Picking up on Branquinho’s comment, Barbosa spoke about how “sad” it was that “people could go on national television, and state that somebody was involved in a bombing.” It was an allusion to Alan Lowe, the candidate for Palm Coast mayor in the July 27 election, who had in his early 30s declared himself a “sovereign citizen” no longer answerable to American law. He did so in the early 90s, when the “sovereign citizen” movement was gaining traction among a subset of right-wing extremists and militias, one of whom masterminded the Oklahoma City federal bombing in 1995.
It isn’t clear what Barbosa was referring to as far as people going on “national television.” No local race is advertising on national television, though some are advertising on local cable networks that show local ads targeted at the Palm Coast market only, but in the course of shows shown nationally on national networks. (In other words, no one in Ottumwa, Iowa, is seeing television ads for Palm Coast mayoral candidates.) Nor is it clear what ads he was referring to, though he and Lowe have been complaining in similar terms on social media about David Alfin, one of the candidates, allegedly disseminating the link between Lowe and the sovereign citizen movement. (The link is accurate so far as the early 1990s were concerned. Lowe’s involvement in any bombings is not.) Still, Barbosa claimed, “They are saying that someone has bombed buildings in America, and they’re running for mayor.”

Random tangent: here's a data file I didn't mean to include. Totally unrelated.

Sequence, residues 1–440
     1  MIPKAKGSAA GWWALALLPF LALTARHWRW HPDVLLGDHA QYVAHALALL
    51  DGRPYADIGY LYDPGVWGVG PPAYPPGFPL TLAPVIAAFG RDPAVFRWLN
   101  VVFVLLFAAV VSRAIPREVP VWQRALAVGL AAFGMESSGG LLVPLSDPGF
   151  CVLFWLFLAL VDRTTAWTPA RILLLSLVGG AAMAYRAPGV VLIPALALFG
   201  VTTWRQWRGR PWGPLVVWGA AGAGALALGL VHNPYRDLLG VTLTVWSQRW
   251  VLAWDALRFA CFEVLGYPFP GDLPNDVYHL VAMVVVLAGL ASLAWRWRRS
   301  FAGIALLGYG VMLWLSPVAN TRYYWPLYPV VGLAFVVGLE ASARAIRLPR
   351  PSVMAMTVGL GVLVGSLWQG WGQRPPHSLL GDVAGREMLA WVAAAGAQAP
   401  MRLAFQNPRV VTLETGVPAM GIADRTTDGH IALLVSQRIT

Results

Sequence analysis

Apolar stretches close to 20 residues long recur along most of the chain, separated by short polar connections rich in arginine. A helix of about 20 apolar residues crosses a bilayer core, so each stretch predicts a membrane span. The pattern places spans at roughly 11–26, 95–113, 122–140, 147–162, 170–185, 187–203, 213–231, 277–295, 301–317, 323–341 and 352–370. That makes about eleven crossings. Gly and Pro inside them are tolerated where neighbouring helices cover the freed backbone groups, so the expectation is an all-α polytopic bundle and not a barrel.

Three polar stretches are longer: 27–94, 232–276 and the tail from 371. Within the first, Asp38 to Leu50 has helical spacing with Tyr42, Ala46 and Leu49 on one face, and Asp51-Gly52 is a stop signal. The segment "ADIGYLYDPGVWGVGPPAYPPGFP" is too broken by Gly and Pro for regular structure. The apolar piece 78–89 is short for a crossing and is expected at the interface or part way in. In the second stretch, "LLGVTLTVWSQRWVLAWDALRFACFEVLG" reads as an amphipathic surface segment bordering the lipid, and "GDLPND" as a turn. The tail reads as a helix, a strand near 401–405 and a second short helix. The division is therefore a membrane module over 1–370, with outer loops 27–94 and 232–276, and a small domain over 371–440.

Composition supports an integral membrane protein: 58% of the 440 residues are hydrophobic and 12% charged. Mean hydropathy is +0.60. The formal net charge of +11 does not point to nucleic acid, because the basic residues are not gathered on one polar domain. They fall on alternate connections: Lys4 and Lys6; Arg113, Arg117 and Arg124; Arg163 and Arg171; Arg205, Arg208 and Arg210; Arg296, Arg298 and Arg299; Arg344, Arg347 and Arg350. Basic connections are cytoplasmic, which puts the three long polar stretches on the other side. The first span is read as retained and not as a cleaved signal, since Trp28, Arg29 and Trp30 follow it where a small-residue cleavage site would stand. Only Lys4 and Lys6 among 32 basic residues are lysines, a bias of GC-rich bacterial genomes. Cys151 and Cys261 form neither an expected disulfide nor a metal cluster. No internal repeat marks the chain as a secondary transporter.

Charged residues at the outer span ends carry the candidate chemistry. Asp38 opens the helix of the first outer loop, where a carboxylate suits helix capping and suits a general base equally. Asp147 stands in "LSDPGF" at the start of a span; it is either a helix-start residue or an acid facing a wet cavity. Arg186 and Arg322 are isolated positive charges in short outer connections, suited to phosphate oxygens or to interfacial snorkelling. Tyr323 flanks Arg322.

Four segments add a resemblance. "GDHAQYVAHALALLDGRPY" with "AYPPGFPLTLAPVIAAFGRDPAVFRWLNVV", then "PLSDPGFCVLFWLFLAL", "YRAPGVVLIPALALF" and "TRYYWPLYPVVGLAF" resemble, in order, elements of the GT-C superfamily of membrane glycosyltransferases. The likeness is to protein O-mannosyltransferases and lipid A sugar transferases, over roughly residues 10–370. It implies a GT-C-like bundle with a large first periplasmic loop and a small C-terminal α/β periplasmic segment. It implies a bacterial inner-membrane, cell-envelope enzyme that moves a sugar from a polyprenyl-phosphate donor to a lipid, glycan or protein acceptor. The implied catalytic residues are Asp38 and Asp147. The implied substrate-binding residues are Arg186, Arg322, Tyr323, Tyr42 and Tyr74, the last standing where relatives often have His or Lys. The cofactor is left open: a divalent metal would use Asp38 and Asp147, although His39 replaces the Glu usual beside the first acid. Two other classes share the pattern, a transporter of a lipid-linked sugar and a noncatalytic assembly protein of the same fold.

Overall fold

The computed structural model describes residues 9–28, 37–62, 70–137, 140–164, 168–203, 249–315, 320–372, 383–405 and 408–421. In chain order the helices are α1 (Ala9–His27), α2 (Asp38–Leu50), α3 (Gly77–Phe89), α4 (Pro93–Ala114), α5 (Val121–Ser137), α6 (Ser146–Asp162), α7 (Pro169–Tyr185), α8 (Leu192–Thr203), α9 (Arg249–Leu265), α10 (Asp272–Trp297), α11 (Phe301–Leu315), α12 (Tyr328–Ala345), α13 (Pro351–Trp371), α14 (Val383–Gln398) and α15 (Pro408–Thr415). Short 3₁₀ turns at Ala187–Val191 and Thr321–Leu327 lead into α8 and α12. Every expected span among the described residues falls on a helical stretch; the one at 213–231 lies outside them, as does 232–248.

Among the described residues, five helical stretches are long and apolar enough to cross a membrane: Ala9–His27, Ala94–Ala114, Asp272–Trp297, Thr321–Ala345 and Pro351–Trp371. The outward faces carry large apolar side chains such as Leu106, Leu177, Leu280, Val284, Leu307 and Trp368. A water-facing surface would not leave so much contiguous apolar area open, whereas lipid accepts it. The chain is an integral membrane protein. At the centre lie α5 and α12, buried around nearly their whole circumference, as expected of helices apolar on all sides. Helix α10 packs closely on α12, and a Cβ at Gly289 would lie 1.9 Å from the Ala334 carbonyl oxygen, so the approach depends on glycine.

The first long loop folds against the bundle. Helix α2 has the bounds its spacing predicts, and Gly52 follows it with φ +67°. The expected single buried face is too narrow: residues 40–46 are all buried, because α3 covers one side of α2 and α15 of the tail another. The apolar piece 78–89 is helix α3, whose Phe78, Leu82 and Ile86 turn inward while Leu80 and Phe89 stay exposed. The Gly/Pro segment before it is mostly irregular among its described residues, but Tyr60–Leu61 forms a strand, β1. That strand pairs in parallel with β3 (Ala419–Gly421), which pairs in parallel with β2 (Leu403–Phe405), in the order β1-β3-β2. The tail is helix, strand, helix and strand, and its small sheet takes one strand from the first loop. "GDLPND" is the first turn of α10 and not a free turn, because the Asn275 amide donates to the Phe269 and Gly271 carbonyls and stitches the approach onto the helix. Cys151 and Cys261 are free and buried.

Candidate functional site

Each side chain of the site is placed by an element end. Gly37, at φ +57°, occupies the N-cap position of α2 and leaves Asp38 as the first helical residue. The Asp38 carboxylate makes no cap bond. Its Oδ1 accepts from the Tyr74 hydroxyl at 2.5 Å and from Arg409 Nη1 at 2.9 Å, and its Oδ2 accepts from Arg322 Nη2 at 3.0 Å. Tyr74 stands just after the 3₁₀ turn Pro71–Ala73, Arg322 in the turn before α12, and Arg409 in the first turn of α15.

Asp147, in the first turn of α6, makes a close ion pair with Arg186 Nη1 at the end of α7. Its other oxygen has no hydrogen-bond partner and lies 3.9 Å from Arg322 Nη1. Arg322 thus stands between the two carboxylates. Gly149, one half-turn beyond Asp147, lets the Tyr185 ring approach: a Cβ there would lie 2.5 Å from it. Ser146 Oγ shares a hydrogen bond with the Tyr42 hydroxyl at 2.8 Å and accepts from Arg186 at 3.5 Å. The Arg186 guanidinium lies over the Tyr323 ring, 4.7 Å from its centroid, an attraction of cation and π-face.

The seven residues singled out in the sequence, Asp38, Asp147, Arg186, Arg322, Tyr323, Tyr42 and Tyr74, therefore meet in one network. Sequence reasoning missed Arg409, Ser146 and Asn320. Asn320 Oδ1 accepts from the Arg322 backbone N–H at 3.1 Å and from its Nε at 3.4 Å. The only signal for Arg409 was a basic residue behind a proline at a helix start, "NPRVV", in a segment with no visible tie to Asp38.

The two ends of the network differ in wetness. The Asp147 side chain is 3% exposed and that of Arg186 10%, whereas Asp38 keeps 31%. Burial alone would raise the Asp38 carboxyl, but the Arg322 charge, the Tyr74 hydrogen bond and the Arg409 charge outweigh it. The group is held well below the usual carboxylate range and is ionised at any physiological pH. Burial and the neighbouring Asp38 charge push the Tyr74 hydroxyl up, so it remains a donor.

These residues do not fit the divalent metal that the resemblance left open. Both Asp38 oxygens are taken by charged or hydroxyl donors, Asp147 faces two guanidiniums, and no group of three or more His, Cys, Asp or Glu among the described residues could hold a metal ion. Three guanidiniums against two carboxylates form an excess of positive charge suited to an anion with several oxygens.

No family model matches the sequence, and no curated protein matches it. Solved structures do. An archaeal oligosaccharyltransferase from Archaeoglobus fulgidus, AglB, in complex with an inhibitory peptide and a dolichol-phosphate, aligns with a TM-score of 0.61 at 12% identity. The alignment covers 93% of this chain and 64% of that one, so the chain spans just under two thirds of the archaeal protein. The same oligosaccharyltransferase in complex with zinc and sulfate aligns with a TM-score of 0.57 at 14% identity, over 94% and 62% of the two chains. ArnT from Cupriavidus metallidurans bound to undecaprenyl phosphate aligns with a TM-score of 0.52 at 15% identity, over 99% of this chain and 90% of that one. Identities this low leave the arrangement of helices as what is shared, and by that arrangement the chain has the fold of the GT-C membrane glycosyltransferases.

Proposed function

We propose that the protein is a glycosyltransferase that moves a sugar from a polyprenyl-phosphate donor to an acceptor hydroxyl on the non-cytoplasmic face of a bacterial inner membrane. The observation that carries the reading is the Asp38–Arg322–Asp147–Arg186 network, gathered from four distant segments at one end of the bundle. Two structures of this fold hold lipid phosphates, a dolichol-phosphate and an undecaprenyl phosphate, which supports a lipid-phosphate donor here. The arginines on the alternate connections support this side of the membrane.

“I let you speak your mind even though I’m not too, too fond of politicking in here,” Branquinho said, before addressing issues of his own. He brought up the unsubstantiated claim by Danko last week that ex-Mayor Milissa Holland was facing criminal charges, and resigned because, according to Danko, she was given a choice either to resign or face the charges. Danko would reveal neither the “senior” law enforcement official he claims gave him the information or so much as the person’s agency, when Branquinho asked. Branquinho also asked to be briefed by the same alleged person. But he never heard from that person, he said today–and hinted that Danko would face “what I feel it’s going to be legal action towards you.”
Then, referring to a critical image he’d been sent showing him and Council member Nick Klufas, and questioning who he’d endorse, he told Barbosa: “I don’t know if I should kill you with kindness or indulge you with my sarcasm, but then again I don’t think you’re bright enough to see the difference.” Danko for a moment thought Barbosa was addressing him, which caused another loud spat between all three of them. “You can talk to me as a person, but don’t yell at me,” Barbosa said. Branquinho again repeated his line about kindness and sarcasm.
“Are you stating that I’m stupid?” Barbosa asked. Branquinho continued to speak over him. The two then argued more–about Facebook, about each other–before Reischmann stopped them and did what he’s done several times since last November: “I would simply remind everyone, everyone, that we have a responsibility to represent all the public up here, and try to keep our mark remarks consistent with our rules of procedure and our oath of civility.”
“Sometimes civility, as much as you try to, you can only take so much,” Branquinho said, before turning to the attorney and city manager for their final comments. They had none.
The segment had not been all burlesque. Branquinho had started it with a compliment toward City Manager Denise Bevan, who Danko last week, again on no evidence, had pledged to fire as soon as he has the votes. “Denise Bevan is doing a great job,” Barbosa said. “And we need to remember that she graciously volunteered to help our city in a time of need.”